As recently as December, China Dialogue reported that Adani’s solar plant was required to cut its output by 20 percent and its wind farm was required to cut its output by 50 percent each month to ensure the grid did not get overloaded.
This is an ongoing problem with power companies throughout Ninh Thuan and no clear resolution has yet been reached.
Adani’s future projects in Vietnam
In June of 2022, Adani announced that it would invest a further US$10 billion in projects around Vietnam. Specifically, Adani’s APSEZ highlighted the Lien Chieu Port project in Danang as one of a range of projects it intended to invest in.
For its part, Vietnam broke ground on the US$145 million project in December of last year and construction is now underway. However, to date, there have been no further announcements on what form Adani’s investment might take.
On that note, on Wednesday, India’s The Economic Times reported that Adani’s APSEZ would be paying back US$604.6 million in debt to ease investor concerns. It also said that, in the next financial year, APSEZ intends to halve its capital expenditure, though it is yet to advise where those cuts might be made.
While Vietnam and India are competing for FDI from foreign firms across several fronts, investment between the two densely populated nations has been steadily on the rise.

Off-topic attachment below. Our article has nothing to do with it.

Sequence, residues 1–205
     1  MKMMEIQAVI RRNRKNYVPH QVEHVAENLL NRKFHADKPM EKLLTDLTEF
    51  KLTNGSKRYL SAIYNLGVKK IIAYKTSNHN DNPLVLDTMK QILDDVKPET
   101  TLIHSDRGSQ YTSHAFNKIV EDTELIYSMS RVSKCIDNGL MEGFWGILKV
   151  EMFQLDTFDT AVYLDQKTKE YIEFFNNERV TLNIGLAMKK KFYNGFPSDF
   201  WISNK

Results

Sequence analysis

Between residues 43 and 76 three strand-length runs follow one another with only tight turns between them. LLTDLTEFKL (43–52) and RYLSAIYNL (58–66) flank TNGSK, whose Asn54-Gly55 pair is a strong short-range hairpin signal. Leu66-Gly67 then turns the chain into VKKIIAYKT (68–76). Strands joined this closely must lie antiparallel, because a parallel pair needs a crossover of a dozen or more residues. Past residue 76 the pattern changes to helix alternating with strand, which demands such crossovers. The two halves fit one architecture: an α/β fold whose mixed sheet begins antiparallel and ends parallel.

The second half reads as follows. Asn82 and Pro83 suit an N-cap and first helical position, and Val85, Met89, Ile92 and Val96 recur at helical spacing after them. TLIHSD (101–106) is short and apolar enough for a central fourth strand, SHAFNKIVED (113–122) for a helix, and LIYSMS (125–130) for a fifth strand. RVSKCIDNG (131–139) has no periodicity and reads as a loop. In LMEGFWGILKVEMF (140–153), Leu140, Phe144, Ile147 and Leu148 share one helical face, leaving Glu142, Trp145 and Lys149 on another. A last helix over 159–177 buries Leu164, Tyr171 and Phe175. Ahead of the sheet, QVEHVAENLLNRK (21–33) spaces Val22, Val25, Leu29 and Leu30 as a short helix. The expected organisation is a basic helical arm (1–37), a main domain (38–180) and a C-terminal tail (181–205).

As of 2021, India had 313 projects in Vietnam with total registered capital in the vicinity of US$910 million. Vietnam, on the other hand, had six projects in India with a total investment of US$28.55 million, according to the Embassy of India in Hanoi.
Vietnam’s six projects were primarily in the areas of pharmaceuticals, information technology, chemicals and building materials.
As of January 2023, India’s total number of projects in Vietnam had risen to 349 with total registered capital of just over US$1 billion. These projects were in a broad range of fields including energy, mineral exploration, agro-processing, sugar, tea, coffee manufacturing, agro-chemicals, IT, and auto components.
This number could rise substantially if Adani’s US$10 billion plan is realized, however, Adani’s current woes have the potential to derail its ambitions in Vietnam.
With offices in both India and Vietnam, Dezan Shira and Associates is well positioned to assist in cross border investments.
Vietnam Briefing is published by Asia Briefing, a subsidiary of Dezan Shira & Associates. We produce material for foreign investors throughout Eurasia, including ASEAN, China, India, Indonesia, Russia & the Silk Road. For editorial matters please contact us here and for a complimentary subscription to our products, please click here.
Dezan Shira & Associates provide business intelligence, due diligence, legal, tax and advisory services throughout the Vietnam and the Asian region. We maintain offices in Hanoi and Ho Chi Minh City, as well as throughout China, South-East Asia, India, and Russia. For assistance with investments into Vietnam please contact us at email@example.com or visit us at www.dezshira.com